It was Monday morning, and the news agencies here in Westport were reporting it could well be a week before power was restored.
Our refrigerator and freezer had been off since 2:30 Sunday morning, as was another refrigerator in the garage -- a commercial model with important perishables.
So it seemed like the right time to buy a generator. Having looked into buying one before Irene struck, however, I knew there was a serious run on them. None were available anywhere. Deliveries were due in at The Home Depot in Norwalk, although to get one, you had to be there when the generators arrived. Same at Costco.
So I decided to wait one out at Home Depot.
I left at noon Monday. When I got to the store, I was informed that a shipment of 5,000-watt generators -- 100 of them, selling for a reasonable $600 each -- was expected shortly from New York. Fifteen people were ahead of me when I joined the line. That was at 12:30 p.m.
The people in line were all quite socialable, so it seemed the wait wouldn't be too painful. The guy in front of me has a son my daughter's age, and we discovered they were in several classes together at Staples High School. A guy behind me was a Metro-North conductor I used to chat with on the train before he was moved to a desk job.
By 2 p.m., the line had grown to more than 80 people, and they announced the truck would be delayed because it had to make a stop in Port Chester. I asked my new buddies in line to hold my place while I went to get my fold-up chair out of the car. Then some of the others got the same idea. They tracked down some fold-up chairs that were for sale in the store and decided to borrow them for the duration.
At 3 p.m., they said I-87 was closed, so the truck with our generators had to take back roads. My iPhone was almost out of juice, so I found some Home Depot do-it-yourself manuals and started educating myself on tiling, woodworking and home design.
A number of characters who were not Home Depot staff moved up and down the line offering to sell us their own generators, touting the great advantage of not waiting.
Asked what brand he was offering, one seller replied, "Apache."
The guy who had asked said, "Oooh, Apache," like it was a great brand. After the seller moved on, I asked the guy in line whether Apache was a good brand. "Never heard of it," he said.
At 4 p.m., the line had more than 100 people, and Home Depot staff said they didn't know when the truck would arrive, but it could be hours.
A store employee filled a shopping cart with batteries and flashlights -- commodities which were impossible to find before and immediately after Irene struck. Now he was moving along the line like a ballpark peanut-and-popcorn vendor, shouting "batteries! ... flashlights!" I grabbed a couple of flashlights.
The truck now was who-knew-where, so I had some time to think about what was needed to get the generator going: extension cords, gas, gas cans -- which had to be certified models to get them filled at a gas station. Home Depot had been sold out of extension cords and gas cans since the week before, so I knew I'd have to hunt them down elsewhere.
At 5 p.m., they said the truck would be there in 30 minutes. As we got closer to the ETA, store employees dramatically set up two orange fences to separate the buyers in line from a nearby checkout counter. This production must have involved 15 employees.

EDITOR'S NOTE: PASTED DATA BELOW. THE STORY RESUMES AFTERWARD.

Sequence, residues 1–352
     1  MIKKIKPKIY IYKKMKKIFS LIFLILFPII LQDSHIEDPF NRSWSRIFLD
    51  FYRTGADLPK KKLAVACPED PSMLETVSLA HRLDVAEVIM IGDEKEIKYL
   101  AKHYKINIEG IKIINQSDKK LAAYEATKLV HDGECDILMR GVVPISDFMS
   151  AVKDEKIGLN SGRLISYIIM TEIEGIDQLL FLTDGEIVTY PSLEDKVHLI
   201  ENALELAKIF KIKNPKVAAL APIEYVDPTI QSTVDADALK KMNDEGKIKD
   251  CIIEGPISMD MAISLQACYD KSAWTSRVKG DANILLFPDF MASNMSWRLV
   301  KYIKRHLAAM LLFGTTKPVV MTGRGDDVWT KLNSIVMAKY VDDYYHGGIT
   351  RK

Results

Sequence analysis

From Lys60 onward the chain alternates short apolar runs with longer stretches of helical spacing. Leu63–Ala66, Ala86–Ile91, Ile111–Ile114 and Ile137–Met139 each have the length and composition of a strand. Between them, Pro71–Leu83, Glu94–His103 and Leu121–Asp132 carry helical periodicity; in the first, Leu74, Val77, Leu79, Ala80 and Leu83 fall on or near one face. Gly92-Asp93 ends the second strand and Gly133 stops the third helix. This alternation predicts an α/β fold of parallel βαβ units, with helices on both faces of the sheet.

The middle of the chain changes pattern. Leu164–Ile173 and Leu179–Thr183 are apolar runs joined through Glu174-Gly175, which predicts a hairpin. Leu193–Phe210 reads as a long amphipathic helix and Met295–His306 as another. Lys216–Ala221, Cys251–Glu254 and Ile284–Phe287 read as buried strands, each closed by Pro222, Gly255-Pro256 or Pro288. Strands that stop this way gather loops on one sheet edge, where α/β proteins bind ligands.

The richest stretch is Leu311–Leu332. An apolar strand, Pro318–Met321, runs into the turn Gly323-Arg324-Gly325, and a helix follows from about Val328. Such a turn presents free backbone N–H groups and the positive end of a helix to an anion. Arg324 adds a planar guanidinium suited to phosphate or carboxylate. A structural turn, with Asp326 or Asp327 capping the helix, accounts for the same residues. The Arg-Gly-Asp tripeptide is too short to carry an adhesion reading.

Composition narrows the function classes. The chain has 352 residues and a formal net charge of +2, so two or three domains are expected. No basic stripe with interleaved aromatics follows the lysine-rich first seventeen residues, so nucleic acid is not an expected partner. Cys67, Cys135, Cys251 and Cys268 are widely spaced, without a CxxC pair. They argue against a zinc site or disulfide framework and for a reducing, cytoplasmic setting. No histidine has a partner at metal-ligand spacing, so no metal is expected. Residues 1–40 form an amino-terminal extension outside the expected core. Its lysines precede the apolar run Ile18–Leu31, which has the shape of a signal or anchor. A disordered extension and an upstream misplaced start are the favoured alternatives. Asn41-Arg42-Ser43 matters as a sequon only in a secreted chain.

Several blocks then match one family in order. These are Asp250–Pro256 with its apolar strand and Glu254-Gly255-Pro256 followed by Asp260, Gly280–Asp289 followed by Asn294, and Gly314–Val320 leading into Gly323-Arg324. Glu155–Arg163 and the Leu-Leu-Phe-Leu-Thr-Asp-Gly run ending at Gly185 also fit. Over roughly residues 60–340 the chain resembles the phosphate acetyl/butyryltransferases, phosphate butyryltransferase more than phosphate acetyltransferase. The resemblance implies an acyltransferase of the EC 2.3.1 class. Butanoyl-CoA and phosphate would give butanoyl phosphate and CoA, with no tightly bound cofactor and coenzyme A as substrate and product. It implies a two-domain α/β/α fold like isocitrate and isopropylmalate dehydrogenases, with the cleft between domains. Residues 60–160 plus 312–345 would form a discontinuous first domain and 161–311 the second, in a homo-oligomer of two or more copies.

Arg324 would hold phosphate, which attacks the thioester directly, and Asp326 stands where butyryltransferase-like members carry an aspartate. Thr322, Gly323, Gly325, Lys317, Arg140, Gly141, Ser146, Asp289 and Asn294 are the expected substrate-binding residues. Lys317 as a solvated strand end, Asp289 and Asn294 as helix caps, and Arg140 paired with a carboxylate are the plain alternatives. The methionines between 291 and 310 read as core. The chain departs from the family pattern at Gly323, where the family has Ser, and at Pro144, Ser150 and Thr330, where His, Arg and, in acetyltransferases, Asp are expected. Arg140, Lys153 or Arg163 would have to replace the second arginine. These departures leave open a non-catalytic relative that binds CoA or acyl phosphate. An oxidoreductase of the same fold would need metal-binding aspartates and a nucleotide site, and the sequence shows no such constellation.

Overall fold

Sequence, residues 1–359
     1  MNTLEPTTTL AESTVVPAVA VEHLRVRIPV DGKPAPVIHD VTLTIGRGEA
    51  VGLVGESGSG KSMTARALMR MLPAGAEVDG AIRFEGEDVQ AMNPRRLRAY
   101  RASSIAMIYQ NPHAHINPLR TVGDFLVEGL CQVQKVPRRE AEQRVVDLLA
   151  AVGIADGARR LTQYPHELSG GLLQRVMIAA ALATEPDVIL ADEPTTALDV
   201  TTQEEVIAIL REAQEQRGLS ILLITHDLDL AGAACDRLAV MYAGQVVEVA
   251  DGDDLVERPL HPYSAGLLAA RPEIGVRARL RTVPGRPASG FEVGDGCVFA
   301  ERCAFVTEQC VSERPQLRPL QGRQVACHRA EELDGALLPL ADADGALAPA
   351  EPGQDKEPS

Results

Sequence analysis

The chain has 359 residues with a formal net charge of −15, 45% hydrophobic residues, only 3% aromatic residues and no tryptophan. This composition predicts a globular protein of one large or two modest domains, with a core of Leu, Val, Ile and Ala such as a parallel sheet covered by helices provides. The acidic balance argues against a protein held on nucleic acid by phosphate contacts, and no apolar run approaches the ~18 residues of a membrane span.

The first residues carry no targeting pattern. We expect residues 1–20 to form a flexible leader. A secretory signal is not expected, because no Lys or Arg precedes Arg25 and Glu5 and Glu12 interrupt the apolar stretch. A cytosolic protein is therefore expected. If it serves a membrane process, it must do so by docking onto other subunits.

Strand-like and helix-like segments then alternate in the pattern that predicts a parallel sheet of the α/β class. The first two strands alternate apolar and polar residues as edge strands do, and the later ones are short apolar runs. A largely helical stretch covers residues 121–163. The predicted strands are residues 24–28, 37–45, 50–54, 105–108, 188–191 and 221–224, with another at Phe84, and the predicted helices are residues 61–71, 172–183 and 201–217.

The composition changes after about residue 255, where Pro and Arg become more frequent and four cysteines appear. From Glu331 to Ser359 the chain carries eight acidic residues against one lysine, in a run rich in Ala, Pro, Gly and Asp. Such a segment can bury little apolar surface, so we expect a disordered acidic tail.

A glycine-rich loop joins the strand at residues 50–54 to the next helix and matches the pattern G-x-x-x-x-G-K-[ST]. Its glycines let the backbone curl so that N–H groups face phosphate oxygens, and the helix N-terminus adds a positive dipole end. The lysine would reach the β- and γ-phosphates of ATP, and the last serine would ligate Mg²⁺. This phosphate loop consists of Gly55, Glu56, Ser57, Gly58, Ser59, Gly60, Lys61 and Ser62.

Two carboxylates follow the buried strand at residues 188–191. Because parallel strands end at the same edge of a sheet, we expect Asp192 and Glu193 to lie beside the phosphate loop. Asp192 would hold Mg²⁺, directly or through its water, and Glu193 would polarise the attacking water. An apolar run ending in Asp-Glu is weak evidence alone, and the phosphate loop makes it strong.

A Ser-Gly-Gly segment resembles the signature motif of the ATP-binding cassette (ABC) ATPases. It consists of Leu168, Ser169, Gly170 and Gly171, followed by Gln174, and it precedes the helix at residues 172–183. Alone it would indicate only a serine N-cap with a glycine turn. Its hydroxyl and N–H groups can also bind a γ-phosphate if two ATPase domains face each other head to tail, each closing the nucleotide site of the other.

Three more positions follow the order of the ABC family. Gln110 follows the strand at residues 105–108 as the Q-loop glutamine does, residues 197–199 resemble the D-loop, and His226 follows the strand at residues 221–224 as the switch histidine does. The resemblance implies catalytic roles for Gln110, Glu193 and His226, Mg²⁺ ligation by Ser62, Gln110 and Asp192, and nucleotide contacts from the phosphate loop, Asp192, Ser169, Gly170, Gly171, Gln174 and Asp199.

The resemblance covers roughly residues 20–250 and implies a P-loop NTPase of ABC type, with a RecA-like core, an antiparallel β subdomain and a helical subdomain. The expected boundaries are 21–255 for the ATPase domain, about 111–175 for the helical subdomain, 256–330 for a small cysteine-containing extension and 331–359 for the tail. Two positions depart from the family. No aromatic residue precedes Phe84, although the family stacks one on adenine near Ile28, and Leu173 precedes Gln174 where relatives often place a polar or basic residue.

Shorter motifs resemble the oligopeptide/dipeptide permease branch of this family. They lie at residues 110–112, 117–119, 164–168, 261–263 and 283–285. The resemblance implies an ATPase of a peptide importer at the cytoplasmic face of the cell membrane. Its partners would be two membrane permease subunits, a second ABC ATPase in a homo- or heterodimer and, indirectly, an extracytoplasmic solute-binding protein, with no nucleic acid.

Due to line attrition, I was now sixth from the front.
But as the truck finally was arriving, a Home Depot official announced that the deal had changed. The 5,000-watt generators now coming in were a newer model that cost $800 -- not the $600 model we'd been waiting five hours for.
Also on the truck was still another model -- an 8,000-watt generator for $1,299.
I decided to go for one of the bigger models, which were going to be the first ones off the truck and would get me out of there sooner. Strategically convenient, I thought.
They tried to give me one in a carton that obviously had been previously opened. I refused to take that one, and that caused some confusion. Finally, two employees helped me put the 250-lb. machine in the back of my car.
Now I had the generator but desperately needed extension cords, gas cans and gas.
I went to Costco looking for extension cords. None.
Best Buy, PC Richard, Walmart (boarded up), Walgreens, Staples, CVS -- none!
After an hour of hunting I decided to try another Home Depot -- the one in Fairfield. I called first, asked if they had extension cords, and the woman said she'd check. She came back on the line and said there were two left. I told her I was on my way from Norwalk.
When I arrived and got the extension cords, I asked if they had gas cans. No, the woman said, they hadn't had them since before the storm. But just then, another employee walking by overheard us. He said two gas cans had been returned, and just a moment before he had put them on a shelf.
I ran and got the cans.
So now, with the generator, the cords and the gas cans, all I needed was gas.
Heading back to Westport, I stopped at the first station. No gas. The next, no gas.
Station after station had signs on the pumps saying "No Gas." I drove all along the Post Road with no success until finally a station near Main Street in Westport had gas. I filled up my two containers.
I had all I needed to get my generator humming.
I drove home and backed the car up to our basement-level garage, got out and was about to open the garage door manually.
I looked through one of its windows and saw the lights on in the basement.
Bruce Borner lives in Westport.